The EU will assume legal custody of evidence on war crimes in Ukraine | International
The European Commission has taken another step this Monday to prevent alleged war crimes committed by Russian troops in Ukraine from going unpunished. The body chaired by Ursula von der Leyen has approved a project to reform Eurojust, the European judicial cooperation agency, to allow that body to assume legal custody of the evidence collected on the ground and whose security and integrity are not guaranteed if they remain in war zone. The change, which must be approved by the Council of the EU and the European Parliament to enter into force, will turn Eurojust into a centralized bunker of data and documents to be shared with international justice, that of Ukraine or that of other countries. , in case they decide to charge commanders or troops of the Russian Army.
Eurojust will thus go from being a mere support for ongoing investigations by the Ukrainian authorities and several European countries, to becoming the central repository for all the evidence collected on the ground. The reform of the Eurojust regulation will allow the agency to collect, analyze and preserve evidence related to international crimes. The mandate will cover the custody of all kinds of sources, from documents, videos or photographs to images taken by satellites.
In the case of Ukraine, the safe storage of all this evidence represents a significant economic and logistical effort, probably unfeasible for a country in the midst of a war against the Russian invasion. The number of crimes allegedly committed also seems to make international assistance essential.
The Commission proposal foresees additional funding for Eurojust of €15 million for the period 2022-2027, including half a million euros per year for data and archive management. In terms of human resources, Brussels estimates that 16 full-time, highly-skilled employees will be needed to take over that evidence base. The necessary job profiles include experts in judicial cooperation, lawyers with linguistic training, legal experts, computer technicians and liaison officers with the International Criminal Court (ICC), and with civil society organizations.
Join EL PAÍS to follow all the news and read without limits.
Vera Jourová, vice-president of the Justice Area Commission, considers it essential to strengthen Eurojust’s mandate and structure “in order to guarantee that it has the necessary instruments to face the magnitude of the atrocities committed in Ukraine”. The European Commissioner for Justice, Didier Reynders, has pointed out that “since the beginning of the Russian invasion, the world has witnessed the atrocities committed in Bucha, Kramatorsk and other Ukrainian cities; Those responsible for these war crimes must be held accountable for their actions.”
Investigations already underway
Investigations to try to clarify these alleged war crimes are already underway by the Ukrainian Prosecutor General’s Office, the ICC prosecutor and the judicial authorities of 11 EU countries. Most of the EU partners are also mobilizing financial and technical resources to accelerate the collection of evidence in Ukraine, a process that, according to experts, must be carried out as urgently as possible to prevent the evidence from losing validity. and that the authors can go unpunished.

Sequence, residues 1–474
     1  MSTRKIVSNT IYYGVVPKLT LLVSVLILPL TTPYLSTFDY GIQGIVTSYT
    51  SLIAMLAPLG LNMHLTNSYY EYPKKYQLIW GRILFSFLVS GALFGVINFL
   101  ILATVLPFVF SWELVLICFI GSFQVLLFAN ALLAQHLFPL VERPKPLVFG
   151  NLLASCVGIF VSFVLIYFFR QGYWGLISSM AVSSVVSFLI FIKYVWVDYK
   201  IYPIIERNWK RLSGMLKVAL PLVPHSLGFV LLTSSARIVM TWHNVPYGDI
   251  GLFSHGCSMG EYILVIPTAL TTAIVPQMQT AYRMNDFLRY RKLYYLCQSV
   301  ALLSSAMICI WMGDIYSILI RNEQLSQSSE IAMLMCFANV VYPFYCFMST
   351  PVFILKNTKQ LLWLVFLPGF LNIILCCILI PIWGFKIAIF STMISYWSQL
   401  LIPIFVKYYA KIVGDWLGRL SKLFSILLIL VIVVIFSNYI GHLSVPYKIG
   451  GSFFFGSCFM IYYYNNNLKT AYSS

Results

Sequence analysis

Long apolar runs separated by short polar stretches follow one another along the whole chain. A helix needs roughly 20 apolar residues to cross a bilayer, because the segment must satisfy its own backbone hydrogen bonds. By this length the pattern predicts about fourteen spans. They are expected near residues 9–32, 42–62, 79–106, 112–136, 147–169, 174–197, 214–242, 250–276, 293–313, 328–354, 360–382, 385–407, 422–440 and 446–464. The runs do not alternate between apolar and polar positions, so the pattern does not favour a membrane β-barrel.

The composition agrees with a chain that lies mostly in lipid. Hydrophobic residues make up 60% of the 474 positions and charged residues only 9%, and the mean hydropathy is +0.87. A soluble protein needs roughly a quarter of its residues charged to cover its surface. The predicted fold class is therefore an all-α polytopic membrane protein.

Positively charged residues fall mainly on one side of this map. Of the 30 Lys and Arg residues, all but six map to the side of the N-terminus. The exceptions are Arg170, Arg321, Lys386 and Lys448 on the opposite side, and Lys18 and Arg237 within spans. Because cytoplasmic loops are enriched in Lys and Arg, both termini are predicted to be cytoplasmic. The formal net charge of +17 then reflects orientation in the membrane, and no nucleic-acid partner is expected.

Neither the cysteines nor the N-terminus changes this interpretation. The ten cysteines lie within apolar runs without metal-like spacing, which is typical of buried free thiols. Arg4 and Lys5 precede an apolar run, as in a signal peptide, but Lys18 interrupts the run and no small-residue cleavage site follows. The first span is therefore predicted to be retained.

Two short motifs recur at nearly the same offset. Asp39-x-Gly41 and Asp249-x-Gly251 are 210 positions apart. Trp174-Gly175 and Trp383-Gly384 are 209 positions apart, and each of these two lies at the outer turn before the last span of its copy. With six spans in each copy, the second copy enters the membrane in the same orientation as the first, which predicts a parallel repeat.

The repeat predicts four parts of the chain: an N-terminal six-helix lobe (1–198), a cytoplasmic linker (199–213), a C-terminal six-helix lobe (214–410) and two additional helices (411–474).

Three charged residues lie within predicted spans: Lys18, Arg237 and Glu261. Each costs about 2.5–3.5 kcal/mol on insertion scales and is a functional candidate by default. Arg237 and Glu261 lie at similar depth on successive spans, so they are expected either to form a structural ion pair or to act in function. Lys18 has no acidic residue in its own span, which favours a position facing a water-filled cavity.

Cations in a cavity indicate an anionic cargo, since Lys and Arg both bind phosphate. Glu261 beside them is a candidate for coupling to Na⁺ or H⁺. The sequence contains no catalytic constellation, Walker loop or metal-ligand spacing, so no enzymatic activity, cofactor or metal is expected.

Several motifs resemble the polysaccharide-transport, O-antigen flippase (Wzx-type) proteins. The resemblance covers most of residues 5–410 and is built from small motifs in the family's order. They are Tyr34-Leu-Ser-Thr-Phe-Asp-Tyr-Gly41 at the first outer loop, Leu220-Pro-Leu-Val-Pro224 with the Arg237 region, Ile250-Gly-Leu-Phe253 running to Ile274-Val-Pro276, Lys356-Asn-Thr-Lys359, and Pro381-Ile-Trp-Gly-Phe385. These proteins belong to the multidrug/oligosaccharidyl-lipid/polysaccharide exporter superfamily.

The EU’s crisis cabinet for the war in Ukraine met urgently last week with the aim of accelerating the dispatch of forensic, ballistic and damage assessment experts, among others, to the attacked country, in order to proceed as soon as possible with the documentation of possible crimes.
In the Bucha area there is already a French forensic team identifying an average of 15 bodies a day. But the French government has urged the rest to send reinforcements in the face of the daunting task ahead. The President of the Spanish Government, Pedro Sánchez, announced last Thursday the dispatch of eight specialists from the Ministry of the Interior and 29 doctors and 10 officers of forensic activities. Other governments, such as that of Greece, have shown their willingness to concentrate their aid, at least the financial one, in the area of Mariupol, a Ukrainian city with a significant population of Greek origin.
The project to reform the Eurojust regulation states that “there are reasonable grounds to believe that war crimes and crimes against humanity have been and are being committed in Ukraine”. The national authorities of the countries involved in the investigations are collecting evidence. But Brussels believes, according to the project, that “given the ongoing hostilities, they cannot be stored safely in Ukraine, so it is urgent to have a place of storage or backup guaranteed by the Union.”
Brussels assures that it has adopted its proposal urgently as a result of the meetings held with all the parties involved in the investigation (CFI, national authorities, NGOs), in which they pointed out the limitations that Eurojust would have, with its current mandate, to assume legal custody of the collected evidence. The Commission adds that the need for a central warehouse was also raised during the two meetings it has held with the European network for the investigation and prosecution of genocide (an EU body linked to Eurojust) since the start of the war in Ukraine last February 24th.
The Commission specifies that the role of Eurojust as custody of the evidence will not mean that this agency assumes an executive function as an investigative authority, a power that is not included in its mandate. But the reform will ensure that it can centrally receive and retain evidence that comes in from a variety of sources. An archive of horror that can be decisive in the postwar period and in the trial, at a historical minimum, of the Putin regime.
Follow all the international information in Facebook Y Twitteror in our weekly newsletter.
Exclusive content for subscribers
read without limits